WILLIAM VAN ALEN
The world’s tallest tower at the time it was built, the Chrysler Building-commissioned by Chrysler to be their headquarters-is one of the most strikingly theatrical skyscrapers ever constructed. The 1,047-ft (319-m), 77-story structure is planned on a grand scale, rising from a broad, substantial base and becoming progressively narrower through the slender main tower to the unique spire that tapers to a point. The detailing is even bolder than the overall design-a series of flourishes, culminating in the famous spire, that mark out the architect, William Van Alen, as a great showman who was determined to make a building that would be instantly memorable and recognizable the world over.
Art Deco styling
The Chrysler Building is Art Deco in style. Art Deco took its name from the 1925 Paris Exposition Internationale des Arts Decoratifs et Industriels Modernes, and it quickly caught on in both Europe and North America as a way of designing both buildings and items for the home. Art Deco was characterized by bright colors; bold, geometrical decorations; modern surface materials (from dazzling new metal alloys to colorful plastics); and motifs borrowed from ancient Egyptian art. All these elements appealed to architects, and Art Deco became particularly popular for showy, eye-catching buildings, such as cinemas, grand hotels, and skyscrapers.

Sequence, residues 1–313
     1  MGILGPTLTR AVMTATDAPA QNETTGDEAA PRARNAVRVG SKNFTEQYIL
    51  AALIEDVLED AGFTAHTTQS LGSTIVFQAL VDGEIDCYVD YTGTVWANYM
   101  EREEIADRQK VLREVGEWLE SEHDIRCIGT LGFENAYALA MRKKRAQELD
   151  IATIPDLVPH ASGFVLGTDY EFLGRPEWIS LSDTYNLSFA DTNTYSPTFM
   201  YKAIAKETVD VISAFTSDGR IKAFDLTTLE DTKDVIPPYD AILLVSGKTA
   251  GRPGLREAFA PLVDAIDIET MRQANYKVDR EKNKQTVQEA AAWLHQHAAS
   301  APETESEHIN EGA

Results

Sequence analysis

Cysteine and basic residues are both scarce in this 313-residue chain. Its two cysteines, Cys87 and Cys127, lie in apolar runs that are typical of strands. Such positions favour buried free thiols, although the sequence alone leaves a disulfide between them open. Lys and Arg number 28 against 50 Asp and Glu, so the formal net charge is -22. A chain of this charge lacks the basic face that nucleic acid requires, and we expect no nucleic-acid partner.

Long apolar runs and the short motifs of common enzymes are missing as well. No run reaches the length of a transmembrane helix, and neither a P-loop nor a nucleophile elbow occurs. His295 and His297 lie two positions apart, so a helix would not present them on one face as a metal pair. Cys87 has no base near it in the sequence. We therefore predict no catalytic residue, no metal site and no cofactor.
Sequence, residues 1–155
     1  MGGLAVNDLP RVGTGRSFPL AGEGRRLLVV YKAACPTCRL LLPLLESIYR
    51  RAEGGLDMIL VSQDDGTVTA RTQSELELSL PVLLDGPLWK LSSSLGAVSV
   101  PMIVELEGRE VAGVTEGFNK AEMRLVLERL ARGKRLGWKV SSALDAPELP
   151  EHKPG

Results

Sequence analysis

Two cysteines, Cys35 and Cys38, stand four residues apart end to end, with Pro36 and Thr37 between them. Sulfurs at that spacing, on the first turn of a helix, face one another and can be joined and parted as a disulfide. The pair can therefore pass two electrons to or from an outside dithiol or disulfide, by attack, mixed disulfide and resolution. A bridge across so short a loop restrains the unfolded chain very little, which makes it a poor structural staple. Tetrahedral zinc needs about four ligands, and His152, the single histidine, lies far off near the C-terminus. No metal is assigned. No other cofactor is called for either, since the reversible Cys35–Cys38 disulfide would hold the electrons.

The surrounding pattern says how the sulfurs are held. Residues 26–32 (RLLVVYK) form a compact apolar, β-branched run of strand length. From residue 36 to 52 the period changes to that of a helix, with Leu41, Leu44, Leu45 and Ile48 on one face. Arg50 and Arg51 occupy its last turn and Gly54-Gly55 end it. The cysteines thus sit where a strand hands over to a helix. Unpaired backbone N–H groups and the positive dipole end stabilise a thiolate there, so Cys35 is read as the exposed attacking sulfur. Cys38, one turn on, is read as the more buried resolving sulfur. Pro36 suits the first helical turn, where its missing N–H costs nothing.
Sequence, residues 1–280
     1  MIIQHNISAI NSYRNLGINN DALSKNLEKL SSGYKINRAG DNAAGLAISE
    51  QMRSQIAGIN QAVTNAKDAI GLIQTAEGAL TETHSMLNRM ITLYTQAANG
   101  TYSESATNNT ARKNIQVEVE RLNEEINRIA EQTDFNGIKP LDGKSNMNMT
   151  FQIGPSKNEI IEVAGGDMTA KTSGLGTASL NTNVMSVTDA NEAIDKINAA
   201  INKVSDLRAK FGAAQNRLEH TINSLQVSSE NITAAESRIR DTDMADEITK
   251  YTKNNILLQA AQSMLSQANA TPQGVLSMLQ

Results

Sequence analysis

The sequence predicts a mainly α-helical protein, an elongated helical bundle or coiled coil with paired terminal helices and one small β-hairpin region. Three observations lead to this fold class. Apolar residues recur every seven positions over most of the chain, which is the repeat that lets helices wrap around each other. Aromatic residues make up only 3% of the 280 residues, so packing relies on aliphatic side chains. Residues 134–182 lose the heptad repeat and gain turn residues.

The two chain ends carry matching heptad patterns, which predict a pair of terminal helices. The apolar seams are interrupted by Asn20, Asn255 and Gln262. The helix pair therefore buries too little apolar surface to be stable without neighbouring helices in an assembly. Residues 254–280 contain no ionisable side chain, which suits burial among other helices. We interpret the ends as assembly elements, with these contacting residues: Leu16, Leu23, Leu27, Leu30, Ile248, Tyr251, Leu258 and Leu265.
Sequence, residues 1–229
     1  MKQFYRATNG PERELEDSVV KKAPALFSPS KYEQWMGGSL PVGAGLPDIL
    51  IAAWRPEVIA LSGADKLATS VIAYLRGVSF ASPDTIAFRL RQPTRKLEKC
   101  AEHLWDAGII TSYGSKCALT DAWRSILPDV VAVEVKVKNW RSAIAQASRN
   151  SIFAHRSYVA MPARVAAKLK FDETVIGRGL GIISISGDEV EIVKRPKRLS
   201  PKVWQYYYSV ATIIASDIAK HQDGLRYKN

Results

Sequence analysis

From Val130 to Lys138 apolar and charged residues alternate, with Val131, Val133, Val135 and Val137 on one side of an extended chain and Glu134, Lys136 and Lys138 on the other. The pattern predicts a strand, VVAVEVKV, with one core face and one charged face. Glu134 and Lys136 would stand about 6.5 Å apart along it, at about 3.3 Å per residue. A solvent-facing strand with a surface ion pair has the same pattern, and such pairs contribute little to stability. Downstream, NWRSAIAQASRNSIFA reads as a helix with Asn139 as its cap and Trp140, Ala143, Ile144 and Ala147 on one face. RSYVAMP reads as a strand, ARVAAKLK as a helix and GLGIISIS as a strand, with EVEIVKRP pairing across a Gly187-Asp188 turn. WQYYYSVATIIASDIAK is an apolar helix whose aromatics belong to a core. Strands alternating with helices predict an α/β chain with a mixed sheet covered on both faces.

Van Alen made extensive use of Art Deco details in the Chrysler Building. For the exterior he took motifs such as hubcaps and hood ornaments from cars built by Chrysler and adapted them to suit the architecture of the building. Inside, rich wood inlays and metal decorations make the lobbies and elevators some of the most memorable in Manhattan. Van Alen originally intended to increase his already lavish use of glass by topping the tower with a dome, but he soon changed his plans. While the tower was under construction, New York’s Bank of Manhattan building was completed at 927ft (282.5m)-about a yard taller than the Chrysler’s planned height-so Van Alen decided to replace the dome with a spire. The spire was prefabricated in four sections, which were hoisted into position on October 23, 1929, adding 121ft (37m) to the building’s height. The spire proved to be a masterstroke, a tapering structure made of a series of curves, each smaller than the one below. Clad in metal and with unusual triangular windows that shine like beacons at night, the spire resembles a series of sunbursts-another popular Art Deco motif.